The owner of the Washington football club is working his legal team and press flacks overtime, scouting Indian country for anyone who is Indian or "part-Indian" and likes the team's name.
They say the R-word honors Native Americans. When a Native person says it doesn't, they say, "Shut up!"
The team's owners have been most disrespectful to the seven of us who sued them in 1992. In the litigation documents before the U.S. Patent and Trademark Office, we were called "radicals" and "militants."
The national Indian organizations that filed a brief supporting us - National Congress of American Indians, National Indian Education Association, National Indian Youth Council and the Native American Rights Fund ? were called our "amici cohorts."
By engaging in direct and gratuitous name-calling in the legal proceedings, the football club made our points for us about public slurs and objectification.
That, plus voluminous evidence about the meaning and use of the R-word and how most Native Americans despise it, convinced the three judges that the team's name was disparaging and held us up to contempt and ridicule.
The judges ruled unanimously in 1999 to cancel the team's trademark licenses. First issued in 1967, the licenses granted the team's owners the federally-protected privilege of making money exclusively from the epithet. The judges agreed with us that the R-word never was an honorific and is not one now, and the federal government should not continue to support it.
The current owner of the club, Daniel M. Snyder, appealed our victory and is asking the federal district court to throw out the pertinent section of the trademark law because it is constitutionally vague. He might benefit from reading the American Heritage Dictionary, Fourth Edition, which defines the R-word as, "Offensive Slang. Used as a disparaging term for a Native American."
I wrote to Snyder after the trademark decision, asking him to meet with me and the other plaintiffs, even without attorneys, if he preferred. He never answered our letter, but responded by appealing the decision.
Heads of the leading national Indian organizations - whose members are tribal governments, educators, attorneys, journalists, youth, artists and other Native Peoples - wrote to the head of the National Football League, asking for a name change and no appeal. The NFL, which bankrolled the other side's litigation costs, was as discourteous as Snyder and never responded to any of the Indian leaders.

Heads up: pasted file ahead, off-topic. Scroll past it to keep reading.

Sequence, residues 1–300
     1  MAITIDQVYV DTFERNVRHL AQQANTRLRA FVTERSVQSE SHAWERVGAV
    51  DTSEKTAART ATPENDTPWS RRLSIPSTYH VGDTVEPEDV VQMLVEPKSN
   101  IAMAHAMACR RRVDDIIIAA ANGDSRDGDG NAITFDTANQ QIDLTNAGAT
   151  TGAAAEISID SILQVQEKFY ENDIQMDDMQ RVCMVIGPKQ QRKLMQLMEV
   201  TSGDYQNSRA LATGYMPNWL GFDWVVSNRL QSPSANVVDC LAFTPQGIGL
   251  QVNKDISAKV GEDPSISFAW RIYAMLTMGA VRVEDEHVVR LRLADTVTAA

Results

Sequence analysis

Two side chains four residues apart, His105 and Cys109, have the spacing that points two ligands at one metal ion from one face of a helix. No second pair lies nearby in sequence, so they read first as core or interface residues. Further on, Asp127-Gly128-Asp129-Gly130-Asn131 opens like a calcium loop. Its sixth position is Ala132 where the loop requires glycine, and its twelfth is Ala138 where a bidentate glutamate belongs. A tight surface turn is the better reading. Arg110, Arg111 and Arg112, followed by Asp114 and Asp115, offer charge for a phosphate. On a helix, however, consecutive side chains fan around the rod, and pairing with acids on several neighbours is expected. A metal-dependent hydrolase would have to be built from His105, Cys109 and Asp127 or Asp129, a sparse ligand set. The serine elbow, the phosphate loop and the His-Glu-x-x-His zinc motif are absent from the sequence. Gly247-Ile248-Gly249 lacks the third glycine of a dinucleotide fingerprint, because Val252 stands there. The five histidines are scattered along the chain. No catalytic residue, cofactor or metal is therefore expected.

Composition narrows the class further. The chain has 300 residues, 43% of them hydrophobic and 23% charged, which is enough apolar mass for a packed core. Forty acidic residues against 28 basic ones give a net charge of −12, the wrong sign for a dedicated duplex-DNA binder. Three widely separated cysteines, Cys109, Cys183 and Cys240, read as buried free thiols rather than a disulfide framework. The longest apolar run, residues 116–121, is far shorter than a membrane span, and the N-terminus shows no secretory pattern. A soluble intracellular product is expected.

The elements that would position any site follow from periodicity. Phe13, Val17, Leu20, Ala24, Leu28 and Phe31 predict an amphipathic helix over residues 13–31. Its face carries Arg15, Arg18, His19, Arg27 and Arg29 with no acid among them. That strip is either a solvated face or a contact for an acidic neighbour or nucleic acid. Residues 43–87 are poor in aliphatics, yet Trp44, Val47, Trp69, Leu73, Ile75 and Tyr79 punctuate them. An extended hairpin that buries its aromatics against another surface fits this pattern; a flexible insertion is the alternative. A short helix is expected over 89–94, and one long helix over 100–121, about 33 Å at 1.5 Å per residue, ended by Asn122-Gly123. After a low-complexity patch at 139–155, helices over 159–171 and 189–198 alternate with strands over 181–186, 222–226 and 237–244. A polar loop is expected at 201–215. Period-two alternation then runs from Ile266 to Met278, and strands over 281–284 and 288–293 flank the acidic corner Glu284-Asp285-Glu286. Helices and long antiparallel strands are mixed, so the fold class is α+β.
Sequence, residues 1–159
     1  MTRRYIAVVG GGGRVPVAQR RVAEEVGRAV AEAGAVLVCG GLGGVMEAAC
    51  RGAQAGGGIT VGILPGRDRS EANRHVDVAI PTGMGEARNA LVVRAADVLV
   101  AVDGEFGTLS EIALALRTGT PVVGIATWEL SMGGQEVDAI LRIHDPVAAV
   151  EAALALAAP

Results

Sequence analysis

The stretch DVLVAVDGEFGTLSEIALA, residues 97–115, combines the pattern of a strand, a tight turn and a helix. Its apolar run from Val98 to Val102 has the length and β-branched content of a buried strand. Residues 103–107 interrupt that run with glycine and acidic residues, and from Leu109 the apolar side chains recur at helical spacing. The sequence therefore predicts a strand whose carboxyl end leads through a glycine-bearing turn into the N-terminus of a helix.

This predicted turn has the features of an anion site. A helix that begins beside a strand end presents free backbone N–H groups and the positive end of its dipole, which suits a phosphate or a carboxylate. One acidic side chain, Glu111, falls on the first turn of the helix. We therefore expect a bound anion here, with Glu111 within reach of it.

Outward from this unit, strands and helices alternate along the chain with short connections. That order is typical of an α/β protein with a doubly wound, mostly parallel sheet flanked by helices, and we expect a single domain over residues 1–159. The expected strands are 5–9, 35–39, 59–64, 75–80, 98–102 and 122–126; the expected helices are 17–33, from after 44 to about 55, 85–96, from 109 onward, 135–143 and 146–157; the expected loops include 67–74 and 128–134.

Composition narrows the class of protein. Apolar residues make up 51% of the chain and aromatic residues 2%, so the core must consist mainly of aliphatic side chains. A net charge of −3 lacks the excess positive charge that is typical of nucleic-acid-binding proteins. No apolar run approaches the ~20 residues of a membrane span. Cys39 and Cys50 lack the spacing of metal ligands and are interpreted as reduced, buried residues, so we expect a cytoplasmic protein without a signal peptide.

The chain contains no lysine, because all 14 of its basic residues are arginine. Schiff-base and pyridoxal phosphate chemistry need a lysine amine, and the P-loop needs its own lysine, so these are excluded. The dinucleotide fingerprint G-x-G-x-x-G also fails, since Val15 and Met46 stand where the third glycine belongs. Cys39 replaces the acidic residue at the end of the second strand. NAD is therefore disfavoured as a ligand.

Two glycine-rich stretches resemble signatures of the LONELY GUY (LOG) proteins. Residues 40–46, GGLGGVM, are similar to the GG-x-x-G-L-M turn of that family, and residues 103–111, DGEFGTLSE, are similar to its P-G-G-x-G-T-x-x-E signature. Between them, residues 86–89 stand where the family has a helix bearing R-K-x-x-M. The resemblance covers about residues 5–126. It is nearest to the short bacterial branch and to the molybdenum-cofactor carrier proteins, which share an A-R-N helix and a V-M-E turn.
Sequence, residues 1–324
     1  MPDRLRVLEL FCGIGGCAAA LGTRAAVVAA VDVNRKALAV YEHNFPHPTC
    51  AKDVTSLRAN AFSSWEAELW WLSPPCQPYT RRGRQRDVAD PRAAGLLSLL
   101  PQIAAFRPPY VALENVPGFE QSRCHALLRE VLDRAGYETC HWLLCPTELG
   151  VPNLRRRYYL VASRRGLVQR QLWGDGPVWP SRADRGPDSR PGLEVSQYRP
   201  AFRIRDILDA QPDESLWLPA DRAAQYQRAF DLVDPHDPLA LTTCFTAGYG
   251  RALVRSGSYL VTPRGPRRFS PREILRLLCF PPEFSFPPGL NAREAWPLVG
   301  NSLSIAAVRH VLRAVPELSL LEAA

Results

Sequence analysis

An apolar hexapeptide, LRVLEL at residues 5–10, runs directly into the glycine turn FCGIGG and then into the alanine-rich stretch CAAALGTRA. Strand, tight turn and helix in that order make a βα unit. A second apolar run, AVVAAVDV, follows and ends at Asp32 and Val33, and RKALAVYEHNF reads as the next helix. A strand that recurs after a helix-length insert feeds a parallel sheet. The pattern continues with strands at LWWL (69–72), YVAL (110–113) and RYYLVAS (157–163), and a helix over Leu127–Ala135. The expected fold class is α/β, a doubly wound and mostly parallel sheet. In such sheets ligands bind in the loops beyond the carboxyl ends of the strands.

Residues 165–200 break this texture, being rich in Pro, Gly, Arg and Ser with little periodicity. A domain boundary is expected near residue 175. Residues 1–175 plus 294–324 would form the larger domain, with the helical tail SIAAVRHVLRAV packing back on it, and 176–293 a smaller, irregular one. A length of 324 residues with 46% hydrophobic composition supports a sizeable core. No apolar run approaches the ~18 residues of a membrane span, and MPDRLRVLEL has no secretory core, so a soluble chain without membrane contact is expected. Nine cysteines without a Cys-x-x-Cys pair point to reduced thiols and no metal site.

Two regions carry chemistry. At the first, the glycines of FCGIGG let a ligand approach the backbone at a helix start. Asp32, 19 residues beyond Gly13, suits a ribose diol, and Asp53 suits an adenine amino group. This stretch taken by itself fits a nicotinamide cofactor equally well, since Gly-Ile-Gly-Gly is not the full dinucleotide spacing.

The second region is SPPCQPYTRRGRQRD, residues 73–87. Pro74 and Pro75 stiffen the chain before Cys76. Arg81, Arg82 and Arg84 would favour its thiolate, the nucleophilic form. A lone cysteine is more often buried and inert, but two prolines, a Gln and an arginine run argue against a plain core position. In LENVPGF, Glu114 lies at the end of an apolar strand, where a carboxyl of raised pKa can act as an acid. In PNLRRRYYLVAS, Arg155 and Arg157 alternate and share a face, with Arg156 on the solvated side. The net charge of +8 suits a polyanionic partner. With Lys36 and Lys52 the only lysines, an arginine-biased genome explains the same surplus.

Snyder's lawyers were dispatched to Indian country to find relatives of Lone Star Dietz, the team's long ago assistant coach. Team mythology has it that George Preston Marshall (the team's owner who was infamous for his racism) named the team after Dietz.
In 1933, whenever newspapers or movies wanted to use the worst slur for Indians, they used the R-word, so that must have been some kind of honor.
Dietz had a Sioux mother, but was raised by his German father's family, far to the east of Sioux country. His first contact with Indians was in his late teens at the federal boarding school in Carlisle, Pennsylvania, where the motto was "Kill the Indian, Save the Man."
In the summer of 1999, Snyder's lawyers trekked out to South Dakota in a modern-day version of the white man trading trinkets for Manhattan. The chief-makers gave away jerseys, jackets and hats sporting the team's name and asked for signatures on a paper saying the R-word is an honor.
One Rosebud Sioux man told me that his family "took the clothes for the children, but I didn't sign their paper and they went away with long faces."
The time-dishonored practice of chief-making came about when the Europeans wanted land and other valuables that belonged to Native Peoples. They looked past the Native men and women who had "no" written all over their faces, settling on the eager-to-please with a ready thumbprint for signing away the property and rights of others.